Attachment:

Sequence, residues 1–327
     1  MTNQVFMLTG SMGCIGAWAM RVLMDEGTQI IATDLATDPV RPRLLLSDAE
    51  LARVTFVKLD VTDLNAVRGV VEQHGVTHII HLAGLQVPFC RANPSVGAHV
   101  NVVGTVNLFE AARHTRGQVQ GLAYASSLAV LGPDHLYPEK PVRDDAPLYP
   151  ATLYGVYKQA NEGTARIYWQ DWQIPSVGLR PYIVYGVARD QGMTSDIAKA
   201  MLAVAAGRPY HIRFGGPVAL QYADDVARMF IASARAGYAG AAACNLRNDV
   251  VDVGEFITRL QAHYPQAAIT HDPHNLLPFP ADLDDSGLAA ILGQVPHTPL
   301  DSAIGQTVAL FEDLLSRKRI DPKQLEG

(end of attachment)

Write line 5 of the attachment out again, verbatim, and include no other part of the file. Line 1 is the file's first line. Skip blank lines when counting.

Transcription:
   151  ATLYGVYKQA NEGTARIYWQ DWQIPSVGLR PYIVYGVARD QGMTSDIAKA